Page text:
Not everyone has a perfectly stable Internet connection, not everyone has a perfectly stable wireless connection, not everybody wants their PC constantly communicating online and taking up bandwidth for no good reason (how small the bandwidth is is irrelevant - it's more than it should be and adds up if every game were to go this route, you play a lot, and you have low bandwidth caps in the nation you're in). Just someone uploading photos as you try to do something can kill the average ADSL connection, now it means the game pause/saves/quits.

    The people who don't have that stuff will be buying single-player games or games with lots of single-player content and still you force a completely ridiculous requirement on them.

    A reliance on a constantly-available Internet connection to a third-party server in order to play a game is ridiculous. Hell, I might as well VNC into a damn computer on the other side of the world and play that way, there's little difference in practical terms between that and this DRM. Connection lost? Bye-bye game, or at best constant pauses and saves because it thinks it's gone.

    In work, I have literally told companies to get lost after they tell me that the new iteration of their software is an online-only, access over the Internet, lose your session if it dies, affair. It's not that it won't work most of the time, but the point is that we lose control over when it does work. If local software dies, I can restore an image, or rebuild a machine, or do something to get it back and working. If remote software dies, we just have to twiddle our thumbs until their support line frees up.

    It's a ridiculous thing and solves no problem that exists. Pirates will crack round it in days. Consumers don't have any problems without it but have massive ones with it. And console versions OF THE SAME GAME don't have that stupid requirement, despite consoles being online nowadays.

    I loved the original Driver. The series got a bit lost after that but I was actually eyeing this up on Steam with the intent to buy it. Saw a thread on the steam forums pointing to those same articles, read them, saw the Twitter comment from Ubisoft itself and instantly removed it from my wishlist. My life is too short for that shit, my gaming time is gaming time, not tech support time. Ubisoft has forgotten that they are providing entertainment - that means "get everything out of my way because I want to have fun". Strangely, I don't want to be diagnosing my wireless/Internet in the middle of a game session, and will just choose a game that doesn't require that.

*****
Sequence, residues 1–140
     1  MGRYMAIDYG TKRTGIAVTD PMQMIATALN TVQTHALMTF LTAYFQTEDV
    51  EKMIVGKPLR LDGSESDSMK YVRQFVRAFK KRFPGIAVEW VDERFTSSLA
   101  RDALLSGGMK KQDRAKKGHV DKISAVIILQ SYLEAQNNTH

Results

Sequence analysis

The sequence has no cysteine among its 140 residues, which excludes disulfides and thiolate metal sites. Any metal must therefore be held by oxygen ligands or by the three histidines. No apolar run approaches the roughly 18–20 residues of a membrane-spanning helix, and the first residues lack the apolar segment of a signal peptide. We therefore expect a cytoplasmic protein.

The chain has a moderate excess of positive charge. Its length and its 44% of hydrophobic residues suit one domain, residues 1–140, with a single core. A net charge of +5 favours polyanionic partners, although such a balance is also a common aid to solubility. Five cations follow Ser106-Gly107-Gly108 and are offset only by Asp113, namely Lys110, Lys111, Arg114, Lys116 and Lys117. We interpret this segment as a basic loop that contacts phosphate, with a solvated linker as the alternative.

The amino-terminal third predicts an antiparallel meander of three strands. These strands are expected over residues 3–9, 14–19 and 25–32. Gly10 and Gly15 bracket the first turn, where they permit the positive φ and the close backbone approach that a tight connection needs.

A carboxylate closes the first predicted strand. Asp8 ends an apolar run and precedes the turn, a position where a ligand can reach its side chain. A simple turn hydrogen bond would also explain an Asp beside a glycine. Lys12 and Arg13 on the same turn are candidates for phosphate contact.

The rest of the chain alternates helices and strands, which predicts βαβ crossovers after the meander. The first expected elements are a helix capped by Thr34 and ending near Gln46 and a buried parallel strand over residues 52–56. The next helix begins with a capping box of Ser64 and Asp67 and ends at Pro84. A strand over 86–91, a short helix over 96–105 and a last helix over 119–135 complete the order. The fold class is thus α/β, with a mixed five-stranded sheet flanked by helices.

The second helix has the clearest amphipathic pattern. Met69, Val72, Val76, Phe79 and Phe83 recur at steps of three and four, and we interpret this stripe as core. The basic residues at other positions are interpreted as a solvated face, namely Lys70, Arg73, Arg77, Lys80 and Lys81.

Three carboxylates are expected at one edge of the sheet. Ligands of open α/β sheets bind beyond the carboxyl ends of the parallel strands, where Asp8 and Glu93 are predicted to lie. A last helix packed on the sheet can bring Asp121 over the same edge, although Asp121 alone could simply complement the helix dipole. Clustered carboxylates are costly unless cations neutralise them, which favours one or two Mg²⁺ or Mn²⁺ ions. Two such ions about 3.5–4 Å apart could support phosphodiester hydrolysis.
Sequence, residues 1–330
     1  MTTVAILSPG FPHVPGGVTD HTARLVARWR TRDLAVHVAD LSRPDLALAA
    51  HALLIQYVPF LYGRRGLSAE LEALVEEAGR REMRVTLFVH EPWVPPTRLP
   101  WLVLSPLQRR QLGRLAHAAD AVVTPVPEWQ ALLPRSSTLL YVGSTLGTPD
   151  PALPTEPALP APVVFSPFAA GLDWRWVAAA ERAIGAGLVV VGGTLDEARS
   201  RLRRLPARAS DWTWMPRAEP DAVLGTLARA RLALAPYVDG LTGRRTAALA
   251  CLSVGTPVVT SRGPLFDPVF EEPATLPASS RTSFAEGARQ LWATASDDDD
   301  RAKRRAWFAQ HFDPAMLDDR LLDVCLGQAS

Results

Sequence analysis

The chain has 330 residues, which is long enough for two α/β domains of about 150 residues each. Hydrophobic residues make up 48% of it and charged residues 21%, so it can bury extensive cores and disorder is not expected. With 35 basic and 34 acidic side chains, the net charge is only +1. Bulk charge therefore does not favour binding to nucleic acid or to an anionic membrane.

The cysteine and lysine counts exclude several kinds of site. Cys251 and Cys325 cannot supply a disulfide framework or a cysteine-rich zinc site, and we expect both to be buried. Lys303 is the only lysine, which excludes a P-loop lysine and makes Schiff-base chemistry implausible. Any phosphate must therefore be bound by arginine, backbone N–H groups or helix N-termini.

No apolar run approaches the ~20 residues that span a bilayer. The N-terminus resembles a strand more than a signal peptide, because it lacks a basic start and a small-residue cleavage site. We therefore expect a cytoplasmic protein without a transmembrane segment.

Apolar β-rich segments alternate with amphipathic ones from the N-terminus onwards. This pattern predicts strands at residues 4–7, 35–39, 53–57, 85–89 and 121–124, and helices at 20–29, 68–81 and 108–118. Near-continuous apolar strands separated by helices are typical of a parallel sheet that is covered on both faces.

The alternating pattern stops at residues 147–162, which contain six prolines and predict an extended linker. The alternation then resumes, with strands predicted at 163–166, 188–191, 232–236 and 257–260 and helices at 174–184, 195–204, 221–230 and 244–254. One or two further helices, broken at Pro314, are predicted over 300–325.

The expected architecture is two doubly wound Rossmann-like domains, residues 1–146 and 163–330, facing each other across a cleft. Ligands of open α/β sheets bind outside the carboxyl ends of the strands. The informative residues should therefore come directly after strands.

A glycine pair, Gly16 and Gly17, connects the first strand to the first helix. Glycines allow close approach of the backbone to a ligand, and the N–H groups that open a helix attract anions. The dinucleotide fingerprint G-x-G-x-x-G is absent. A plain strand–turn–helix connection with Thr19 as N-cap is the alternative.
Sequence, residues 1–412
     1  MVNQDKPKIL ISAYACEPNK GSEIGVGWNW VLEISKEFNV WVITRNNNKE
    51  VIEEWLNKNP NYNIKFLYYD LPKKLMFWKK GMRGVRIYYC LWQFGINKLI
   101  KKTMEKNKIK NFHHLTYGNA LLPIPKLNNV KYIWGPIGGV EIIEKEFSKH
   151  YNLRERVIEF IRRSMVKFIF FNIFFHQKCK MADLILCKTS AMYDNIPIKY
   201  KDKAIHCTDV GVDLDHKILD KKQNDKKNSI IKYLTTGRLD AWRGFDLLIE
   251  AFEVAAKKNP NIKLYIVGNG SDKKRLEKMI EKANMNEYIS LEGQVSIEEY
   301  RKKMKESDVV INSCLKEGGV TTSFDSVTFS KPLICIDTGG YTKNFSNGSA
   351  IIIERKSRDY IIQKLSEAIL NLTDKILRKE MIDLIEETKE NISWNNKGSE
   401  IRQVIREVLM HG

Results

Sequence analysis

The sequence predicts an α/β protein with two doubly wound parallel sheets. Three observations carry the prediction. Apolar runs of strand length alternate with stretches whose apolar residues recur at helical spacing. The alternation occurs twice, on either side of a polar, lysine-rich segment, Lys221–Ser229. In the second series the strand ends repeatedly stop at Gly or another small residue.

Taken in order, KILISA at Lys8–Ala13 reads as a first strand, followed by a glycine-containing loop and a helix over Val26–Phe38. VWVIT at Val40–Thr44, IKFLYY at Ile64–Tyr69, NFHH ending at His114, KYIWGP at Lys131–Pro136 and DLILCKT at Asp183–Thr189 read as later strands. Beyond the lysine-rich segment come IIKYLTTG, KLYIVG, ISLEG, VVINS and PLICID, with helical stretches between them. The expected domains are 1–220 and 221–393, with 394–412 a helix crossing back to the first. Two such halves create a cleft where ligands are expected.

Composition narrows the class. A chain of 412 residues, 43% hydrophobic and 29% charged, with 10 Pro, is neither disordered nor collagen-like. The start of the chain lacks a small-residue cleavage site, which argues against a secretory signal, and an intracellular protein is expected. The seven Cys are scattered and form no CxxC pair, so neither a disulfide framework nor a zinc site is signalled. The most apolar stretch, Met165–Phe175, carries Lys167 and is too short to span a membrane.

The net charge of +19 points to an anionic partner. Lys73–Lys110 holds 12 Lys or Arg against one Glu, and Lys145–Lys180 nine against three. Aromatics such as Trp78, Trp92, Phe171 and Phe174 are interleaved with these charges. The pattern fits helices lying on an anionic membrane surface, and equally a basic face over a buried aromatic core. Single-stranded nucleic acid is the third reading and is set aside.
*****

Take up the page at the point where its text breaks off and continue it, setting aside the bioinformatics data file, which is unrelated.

P.S. The game also doesn't support steering wheel controllers. A driving game. Seriously.

  • Re:pirate it (Score:5, Insightful)

    by flimflammer (956759) on Thursday July 28, 2011 @07:36AM (#36906178)

    This is why I don't understand DRM these days. DRM doesn't stop pirates. Pirates never have to deal with DRM, and even this advanced form Ubisoft is throwing around has been rendered useless in previous games infected by it. All this sort of thing seems to discourage is actually purchasing the game at all.

  • A better protest (Score:4, Insightful)

    by Comboman (895500) on Thursday July 28, 2011 @08:09AM (#36906428)

    A better (and legal) form of protest is to give the game a one star rating on Amazon and note the DRM problems in your review.

  • Re:That's ok (Score:2, Insightful)

    by g4b (956118) on Thursday July 28, 2011 @08:15AM (#36906480) Homepage

    viruses do not only transport personal data out of your pc.

    sometimes viruses do different things. like particullary delete the personal data right where they are.

    actually, viruses were around before the internet, even if it sounds pretty unbelievable.

    oh back in the days, something that transported out data was called a trojan.

  • Re:DRM (Score:4, Insightful)

    by TaoPhoenix (980487) <TaoPhoenix@yahoo.com> on Thursday July 28, 2011 @08:16AM (#36906498) Journal

    It's not about the pirates.

    It's about sliding us into a Guilty-Until-Proven-Innocent culture!

    The TSA will like this. "To prove you are not a terrorist, you must be constantly connected to our Trusted Citizen network. If you lose your connection, then you lose your trusted status and will be treated like the terrorist you have become until we clear you again."